Between The Covers: Calamity Jane...
By Terri Schlichenmeyer, May 2020 Issue.
You can call yourself whatever you want.
Nobody says you can’t have a different name every day if that’s your wish. Reinvent your life, create a new past, change your birth year, and tell new stories, nobody cares if you do. Become whoever you want to be but just know that, as in the book Calamity: The Many Lives of Calamity Jane by Karen R. Jones, the truth might catch up.
When one thinks of women of the Wild West, the list is short. It’s likely that Calamity Jane is toward the top.
Born the first of May in 1852, or possibly 1856, Martha Jane Canary was the oldest child of a “gambler and a ‘woman of the lowest grade,’” says Jones. Her parents left Missouri when Martha was a child and moved to Montana to take advantage of the gold rush there, but they didn’t even get a taste of its wealth before they both died.
Martha was a teenager then, and, to her credit, she did whatever was needed to survive, never staying in one place for very long, living hand-to-mouth in what became a “pathologically itinerant lifestyle” that she maintained on and off for her whole life. It’s how she likely got her nickname: calamity followed her from campsite to saloon to jail cell.
By the time she was out of her teens, Calamity Jane’s reputation was as wide as the prairie. She boasted about having been a “female scout” but some claims don’t follow facts. Canary said that she drove stagecoaches and rode for the Pony Express, but dates don’t always match up. In early adulthood, she got into a habit of wearing men’s clothing, which caused scandal and titillation for much of her life and which leads to questions of gender fluidity today. There are so many instances where truth differs from legend, in fact, that we may never know the whole story about her.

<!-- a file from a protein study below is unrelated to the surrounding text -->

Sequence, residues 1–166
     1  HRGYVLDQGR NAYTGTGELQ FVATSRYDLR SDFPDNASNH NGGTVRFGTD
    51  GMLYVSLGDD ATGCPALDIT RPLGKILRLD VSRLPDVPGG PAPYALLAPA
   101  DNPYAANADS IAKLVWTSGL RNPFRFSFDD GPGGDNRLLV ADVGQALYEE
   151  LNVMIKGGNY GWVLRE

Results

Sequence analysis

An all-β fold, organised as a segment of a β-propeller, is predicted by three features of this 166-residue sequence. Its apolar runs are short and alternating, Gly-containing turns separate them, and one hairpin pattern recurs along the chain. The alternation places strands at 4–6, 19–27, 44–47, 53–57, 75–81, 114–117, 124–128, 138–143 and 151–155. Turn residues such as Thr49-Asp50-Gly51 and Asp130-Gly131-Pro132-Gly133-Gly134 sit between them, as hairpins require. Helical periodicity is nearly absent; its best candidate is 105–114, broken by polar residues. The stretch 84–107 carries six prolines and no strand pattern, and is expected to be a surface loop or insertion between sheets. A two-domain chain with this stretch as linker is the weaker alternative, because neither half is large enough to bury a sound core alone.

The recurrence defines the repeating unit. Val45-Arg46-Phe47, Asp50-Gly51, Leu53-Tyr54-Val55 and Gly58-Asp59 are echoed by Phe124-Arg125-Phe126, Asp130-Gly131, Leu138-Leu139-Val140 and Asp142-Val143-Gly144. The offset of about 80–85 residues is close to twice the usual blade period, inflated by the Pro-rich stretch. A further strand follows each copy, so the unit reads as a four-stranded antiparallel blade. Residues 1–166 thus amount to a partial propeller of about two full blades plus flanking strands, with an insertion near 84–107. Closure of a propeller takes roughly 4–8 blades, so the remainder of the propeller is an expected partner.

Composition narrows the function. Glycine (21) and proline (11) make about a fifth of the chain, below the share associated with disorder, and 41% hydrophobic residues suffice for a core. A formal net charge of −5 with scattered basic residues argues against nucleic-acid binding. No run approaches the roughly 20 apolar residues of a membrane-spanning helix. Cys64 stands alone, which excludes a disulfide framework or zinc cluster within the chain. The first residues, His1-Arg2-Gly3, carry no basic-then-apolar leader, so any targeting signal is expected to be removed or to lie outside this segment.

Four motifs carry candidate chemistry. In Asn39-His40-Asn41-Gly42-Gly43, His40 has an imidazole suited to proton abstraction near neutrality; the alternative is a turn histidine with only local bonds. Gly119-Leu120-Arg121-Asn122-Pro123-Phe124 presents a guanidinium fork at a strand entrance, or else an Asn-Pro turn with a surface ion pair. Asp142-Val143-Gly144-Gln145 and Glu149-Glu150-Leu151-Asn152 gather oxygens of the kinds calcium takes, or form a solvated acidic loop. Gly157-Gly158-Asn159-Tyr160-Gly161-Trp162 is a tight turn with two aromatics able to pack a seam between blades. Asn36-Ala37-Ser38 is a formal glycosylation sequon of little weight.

It’s this aspect of Calamity that will keep you on your toes: as author Karen R. Jones sifts through the myths and mysteries of Martha Canary’s life, we, too, begin to see not just a complex woman but also fascinating (for a western-novel fan) slices of fiction-crushing facts about the Old West.
Perhaps not surprisingly, much of the former centers on Canary’s cross-dressing, which Jones admits was common in Canary’s day, and not just for her; the difference, perhaps, is that she was unabashed about it. Because she was an anomaly by way of reputation and fame, Old West denizens gossiped about Canary; newspaper accounts mention her mode of dress quite often, and Jones hints at unknowns in her gender identity. Since Canary loved to embellish and because she seemed comfortable with a foot in many worlds, concrete evidence either way is elusively slippery.
Hollywoodization aside — and there’s plenty of that, when it comes to Calamity Jane — it seems that the question may remain open. As for something that pulls this tale all together, though, and offers tantalizing reading, find Calamity and call it good.
Can you name them in chronological order?
The first one might be hard: you were small when you loved that dog. Later ones recall easier and, naturally, you remember the first pup that was all yours. Think: the names come one after another because there was always a dog and in Good Boy: My Life in Seven Dogs by Jennifer Finney Boylan, there was always love.
Like any other history, your life can be separated into “B.C.” and “A.D.” That’s before canine and after dog or, as Boylan says, “My days have been numbered in dogs.”
For her, before James Boylan became Jennifer, there was a dalmatian named Playboy, a “troublesome hoodlum” and escape artist who seemed mostly to ignore Boylan. Playboy showed that it’s possible to love someone, despite their faults.
On James’s eleventh birthday, Penny entered the family. She was also a dalmatian, and an overeater who grew sausage-like, drool-y, and messy, but Boylan adored that chubby dog until childhood things were put aside, and Penny resignedly went with them.